Inhibitors for the immuno- and constitutive proteasome: Current and future trends in drug development

Eva Maria Huber, Michael Groll

Research output: Contribution to journalReview articlepeer-review

147 Scopus citations

Abstract

Proteolytic degradation is an essential cellular process which is primarily carried out by the 20S proteasome core particle (CP), a protease of 720 kDa and 28 individual subunits. As a result of its central functional role, the proteasome represents an attractive drug target that has been extensively investigated during the last decade and validated by the approval of bortezomib by the US Food and Drug Administration (FDA). Currently, several optimized second-generation proteasome inhibitors are being explored as anticancer drugs in clinical trials, and most of them target both constitutive proteasomes (cCPs) and immunoproteasomes (iCPs). However, selective inhibition of the iCPs, a distinct class of proteasomes predominantly expressed in immune cells, appears to be a promising therapeutic rationale for the treatment of autoimmune disorders. Although a few selective agents have already been identified, the recently determined crystal structure of the iCP will further promote the development and optimization of iCP-selective compounds. Under arrest: The first immunoproteasome-specific inhibitors were recently developed. The most potent one shows promise in the treatment of autoimmune diseases, thus opening the door for new clinical applications. Structure-affinity studies with the available immuno- and constitutive proteasome crystal structures will facilitate future drug development efforts.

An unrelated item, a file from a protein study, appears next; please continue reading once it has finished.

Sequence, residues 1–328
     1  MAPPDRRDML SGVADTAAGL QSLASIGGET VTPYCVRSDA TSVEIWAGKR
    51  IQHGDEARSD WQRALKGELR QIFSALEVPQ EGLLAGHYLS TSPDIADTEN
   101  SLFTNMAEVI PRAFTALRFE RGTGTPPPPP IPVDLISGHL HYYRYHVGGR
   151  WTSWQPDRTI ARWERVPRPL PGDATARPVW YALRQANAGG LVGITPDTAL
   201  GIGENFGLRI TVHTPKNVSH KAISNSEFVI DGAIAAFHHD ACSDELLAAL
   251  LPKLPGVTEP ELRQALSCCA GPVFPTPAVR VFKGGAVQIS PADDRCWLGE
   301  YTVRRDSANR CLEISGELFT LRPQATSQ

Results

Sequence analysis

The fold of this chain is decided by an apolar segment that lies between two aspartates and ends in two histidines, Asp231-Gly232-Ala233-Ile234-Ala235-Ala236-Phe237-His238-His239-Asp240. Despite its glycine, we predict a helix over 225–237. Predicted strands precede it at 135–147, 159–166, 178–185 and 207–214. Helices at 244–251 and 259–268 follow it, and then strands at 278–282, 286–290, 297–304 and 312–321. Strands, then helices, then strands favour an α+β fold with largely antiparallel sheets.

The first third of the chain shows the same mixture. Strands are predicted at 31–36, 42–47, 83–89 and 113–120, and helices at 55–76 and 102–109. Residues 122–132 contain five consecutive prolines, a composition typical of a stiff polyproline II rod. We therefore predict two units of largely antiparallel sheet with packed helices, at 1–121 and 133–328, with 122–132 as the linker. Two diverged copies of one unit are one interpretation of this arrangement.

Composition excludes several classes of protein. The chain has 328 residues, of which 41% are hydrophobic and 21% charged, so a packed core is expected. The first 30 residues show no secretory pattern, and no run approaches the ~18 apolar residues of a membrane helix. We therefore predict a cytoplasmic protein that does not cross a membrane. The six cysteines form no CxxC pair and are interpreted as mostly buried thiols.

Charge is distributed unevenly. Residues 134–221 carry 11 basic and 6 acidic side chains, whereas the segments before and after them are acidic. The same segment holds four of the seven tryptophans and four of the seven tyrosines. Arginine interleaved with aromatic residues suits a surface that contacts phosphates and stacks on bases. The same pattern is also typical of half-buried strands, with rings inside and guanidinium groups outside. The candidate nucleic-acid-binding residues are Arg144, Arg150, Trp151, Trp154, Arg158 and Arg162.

Original languageEnglish
Pages (from-to)8708-8720
Number of pages13
JournalAngewandte Chemie International Edition in English
Volume51
Issue number35
DOIs
StatePublished - 27 Aug 2012

Keywords

  • autoimmune diseases
  • drug design
  • immunoproteasomes
  • inhibitors
  • proteins

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